The series of T-shirts in the style of bootleg concert tees portraying artists such as Maurizio Cattelan or Damien Hirst, sold on the streets outside various art fairs and biennials in 2002 and 2003, was a project by Cyprien Gaillard (World Tour, with Payam Sharifi). It reflects two of his recurring approaches, working outside the studio and celebrating activities that often result from the transgression of legal or ethical rules.
Real Remnants of Fictive Wars (2002–04), a series of six 35 mm films, started with the theft of fire extinguishers. Gaillard invaded different landscapes with a thick white smoke, thus offering a remarkably personal revision of the notion of entropy defined by Robert Smithson — in fact, the last film shows the Spiral Jetty enveloped with smoke. Between land art and plain vandalism, the artist seeks to redesign the landscape by erasing it. The smoke inflicts violence on nature but simultaneously reveals and reinforces its beauty.
In Belief in the Age of Disbelief (2005), a series of engravings representing 17th-century Dutch landscapes, the bucolic sceneries become the grounds in which the artist introduces postwar tower blocks. For Gaillard, architecture has more to do with time than space; tower blocks are to him what Roman ruins were to artists centuries ago. While most of us consider them as monstrous scars disfiguring the city, he sees in them numerous signs of dynamism and potential.
Housing projects are the violent and romantic setting of Desniansky Raion (2007), a fascinating — simultaneously attractive and repulsive — video shot in Paris, St. Petersburg, Belgrade and Kiev. Conceived as a triptych, it successively shows a street fight between two gangs, a sound-and-light show with fireworks celebrating the collapse of a massive tower block, an aerial view of a suburb of Kiev and its geometric housing complexes. The extreme violence and absurdity of the assaults is reinforced by the brutality of the architecture. The music (produced by the artist’s band The Landsc Apes, aka Koudlam) plays an important role by generating a complete loss of spatial and temporal landmarks. It also transcends the different moments to form what Gaillard defines as “a new definition of an urban form of Romanticism.” In his work, the political and social context in which these tower blocks were created is less interesting than the constructions. Indeed, one of his unrealized projects consists of a park of ruins in which tower blocks would be gathered and finally authorized to become ruins.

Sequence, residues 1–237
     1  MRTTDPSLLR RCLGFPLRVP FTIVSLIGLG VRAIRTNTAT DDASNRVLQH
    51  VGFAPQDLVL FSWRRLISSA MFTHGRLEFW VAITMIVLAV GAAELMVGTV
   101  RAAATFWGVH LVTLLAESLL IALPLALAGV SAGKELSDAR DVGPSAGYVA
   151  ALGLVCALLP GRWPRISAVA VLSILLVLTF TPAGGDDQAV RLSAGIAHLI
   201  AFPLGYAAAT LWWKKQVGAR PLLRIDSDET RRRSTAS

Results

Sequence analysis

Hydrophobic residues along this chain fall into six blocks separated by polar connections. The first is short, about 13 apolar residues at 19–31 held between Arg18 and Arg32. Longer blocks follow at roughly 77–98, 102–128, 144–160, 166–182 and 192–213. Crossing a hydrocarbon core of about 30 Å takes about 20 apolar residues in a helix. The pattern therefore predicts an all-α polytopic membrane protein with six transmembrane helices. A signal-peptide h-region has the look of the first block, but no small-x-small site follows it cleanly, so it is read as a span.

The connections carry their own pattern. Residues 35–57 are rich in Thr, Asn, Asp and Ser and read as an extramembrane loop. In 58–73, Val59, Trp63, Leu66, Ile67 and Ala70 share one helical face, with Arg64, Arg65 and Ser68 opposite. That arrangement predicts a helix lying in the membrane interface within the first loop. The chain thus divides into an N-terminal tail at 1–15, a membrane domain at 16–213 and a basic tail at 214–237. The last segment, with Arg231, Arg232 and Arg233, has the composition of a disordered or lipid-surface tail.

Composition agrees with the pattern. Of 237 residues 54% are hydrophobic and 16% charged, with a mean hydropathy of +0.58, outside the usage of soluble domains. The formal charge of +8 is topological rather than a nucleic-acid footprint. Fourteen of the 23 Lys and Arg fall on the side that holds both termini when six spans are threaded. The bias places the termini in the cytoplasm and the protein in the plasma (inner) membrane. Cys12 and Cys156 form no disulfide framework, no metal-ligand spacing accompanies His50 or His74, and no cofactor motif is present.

“Homes & Graves & Gardens,” the exhibition on the Island of Vassivière, in France, connects different sites and histories: the landscapes (the villages were flooded after a dam was built at the end of the ’40s) and the island (the park was severely hit by a storm at the end of the ’90s). On July 14th, the artist organized an indoor fireworks show in a lighthouse, a large wall of sound buried in the forest, a concert by Koudlam conceived as a sonic architecture for the sculpture park and the modification of the Art Center’s façade. The island became an artwork saturated with testimonies of the past and the present. Romanticism and decay are again at the core of this project. By mixing different sources, Gaillard looks for strategies to provide new perspectives. As Smithson said in his essay Entropy and the New Monuments, recalling Vladimir Nabokov’s observation, “The Future is but the obsolete in reverse.”